RESPONSIVE MUNITIONS SUPPORT TO THE U.S. WARFIGHTER Achieving Efficiencies in an Uncertain Budget Environment This Summit will: • Address challenges related to maintaining a stable munitions enterprise in light of an unstable DoD budget outlook • Explore dynamics affecting the current & future industrial manufacturing complex that services our war-fighting capability • Create a thoughtful and meaningful discourse on the critical factors that will shape the future munitions landscape
Tampa, FL • February 2-4 • www.ndia.org/meetings/1650
“Defense, Diplomacy, and Development: Translating Policy into Operational Capability” • Discuss operational constructs required to implement a comprehensive, whole-of-government approach to national security • Examine national security objectives and the requirement for multidimensional special operations forces that can perform the full spectrum of defense, diplomacy, and development activities • Explore the flow of information and requirements to industry from policy through operations to meet the needs of the defense and interagency actors addressing the challenges of our times
Washington, DC • February 8-9 • www.ndia.org/meetings/1880
J A N UA R Y 2 0 1 1 • N AT I O N A L D E F E N S E
International Advertising Headquarters
preview of our next issue
Tactical-Wheeled Vehicle Market ■ The necessity of fielding mine-resistant
ambush-protected vehicles beginning in 2007 shook up the world of military tactical-wheeled vehicles. After nearly three decades of purchasing Humvees from one manufacturer, along with three classes of heavier trucks, new players emerged. Flush with the success of the MRAP programs, truck makers are looking for the next opportunities. Some believe MRAPs are here to stay. Others are looking toward the joint light tactical-wheeled vehicle program or recapitalization of war-torn fleets. But as budgets tighten, funding for new programs could become an issue. National Defense looks at a tacticalwheeled vehicle market that has new players, but few programs and possibly a smaller pot of funding to grab.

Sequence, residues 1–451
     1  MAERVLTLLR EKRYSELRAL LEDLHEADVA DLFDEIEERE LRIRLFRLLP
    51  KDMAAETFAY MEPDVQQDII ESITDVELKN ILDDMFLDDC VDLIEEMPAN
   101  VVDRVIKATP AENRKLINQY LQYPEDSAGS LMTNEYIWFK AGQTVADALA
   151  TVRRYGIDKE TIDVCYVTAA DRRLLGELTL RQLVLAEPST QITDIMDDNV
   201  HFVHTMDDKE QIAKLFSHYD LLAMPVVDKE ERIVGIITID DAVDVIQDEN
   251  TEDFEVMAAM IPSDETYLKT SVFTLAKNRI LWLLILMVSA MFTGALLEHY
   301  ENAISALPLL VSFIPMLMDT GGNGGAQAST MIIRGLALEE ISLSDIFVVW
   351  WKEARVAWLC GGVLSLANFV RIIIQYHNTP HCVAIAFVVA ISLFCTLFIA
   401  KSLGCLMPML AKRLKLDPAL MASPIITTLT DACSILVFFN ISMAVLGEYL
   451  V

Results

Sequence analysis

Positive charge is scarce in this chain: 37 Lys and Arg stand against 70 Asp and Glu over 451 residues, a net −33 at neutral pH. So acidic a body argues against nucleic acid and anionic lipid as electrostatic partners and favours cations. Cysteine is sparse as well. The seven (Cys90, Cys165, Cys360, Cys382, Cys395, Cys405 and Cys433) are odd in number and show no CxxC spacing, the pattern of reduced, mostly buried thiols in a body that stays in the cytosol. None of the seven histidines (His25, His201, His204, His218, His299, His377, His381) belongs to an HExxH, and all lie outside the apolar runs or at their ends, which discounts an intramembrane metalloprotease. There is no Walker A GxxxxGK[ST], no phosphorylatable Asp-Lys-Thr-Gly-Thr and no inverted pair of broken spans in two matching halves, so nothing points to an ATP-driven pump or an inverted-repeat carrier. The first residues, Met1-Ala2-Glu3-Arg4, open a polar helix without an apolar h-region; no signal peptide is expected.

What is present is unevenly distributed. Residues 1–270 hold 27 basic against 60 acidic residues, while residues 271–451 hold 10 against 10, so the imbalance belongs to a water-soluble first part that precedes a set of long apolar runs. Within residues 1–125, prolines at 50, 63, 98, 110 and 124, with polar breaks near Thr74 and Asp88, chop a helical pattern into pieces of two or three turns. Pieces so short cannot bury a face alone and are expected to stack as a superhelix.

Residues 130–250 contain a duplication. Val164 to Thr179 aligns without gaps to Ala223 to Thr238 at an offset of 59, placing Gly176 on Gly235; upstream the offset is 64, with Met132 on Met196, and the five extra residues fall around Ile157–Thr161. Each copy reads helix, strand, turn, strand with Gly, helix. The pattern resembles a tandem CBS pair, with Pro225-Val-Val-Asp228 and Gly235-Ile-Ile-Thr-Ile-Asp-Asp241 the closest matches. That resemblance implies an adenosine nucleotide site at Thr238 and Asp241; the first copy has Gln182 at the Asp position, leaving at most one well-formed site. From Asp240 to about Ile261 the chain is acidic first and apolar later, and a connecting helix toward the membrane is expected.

ment has indicated that it would like to incorporate a “digital backbone” into the program. But it is not clear yet whether these initiatives will be funded.
Vehicle Armor ■ Frustrated by the lack of lighter weight
materials for armoring tactical vehicles, defense officials are turning to alternative solutions to protect troops from deadly bomb blasts. They are pushing forward initiatives to increase the off-road capability of trucks to avoid driving on roads laden with explosives. One of the latest developments in protection is a double V-hull design that companies are integrating onto combat vehicles. National Defense also examines innovations in glass armor, tiles that withstand 30mm fire and special netting designed to defeat rocket-propelled grenades.
■ The military services say they want
■ Troops in Afghanistan are experiment-
ing with a vehicle cockpit technology that allows control of all onboard systems from a single display. Roadside bomb disposal units have found it especially useful for conducting robotic missions from the safety of the truck cabin. In recent tactical vehicle solicitations, the Defense Depart-
lighter trucks, but some companies believe the Pentagon is ignoring solutions already available to upgrade an aging fleet. National Defense speaks to armor and components providers who are competing for a potentially growing “reset” market for military vehicles.
For information on advertising in National Defense, contact the International Advertising Headquarters or your regional advertising office. Vice President, Advertising Dino K. Pignotti (703) 247–2541 Fax: (703) 522-4602 email@example.com Advertising COORDINATOR Leo Gomez (703) 247–2576 Fax: (703) 522-4602 firstname.lastname@example.org Advertising Headquarters is located at: 2111 Wilson Blvd., Suite 400 Arlington, VA 22201 Advertising Fax: (703) 522-4602
advertising regional offices • Northeastern United States & Canada (CT, DE, MA, ME, NH, NJ, NY, PA, RI, VT) Jo B. Lievsay, Partner (203) 698–1884 Fax: (203) 698–1869 email@example.com Lievsay Associates 20 Center Drive, Old Greenwich, CT 06870 • Southeastern United States and Metro DC Area (AL, FL, GA, KY, MD, MS, NC, SC, TN, VA, WV & DC)
January 2011 Index of Advertisers
Jim Barros (805) 584-2130 Fax: (805) 584-3796 firstname.lastname@example.org
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Interact with the companies whose products and services are advertised in National Defense.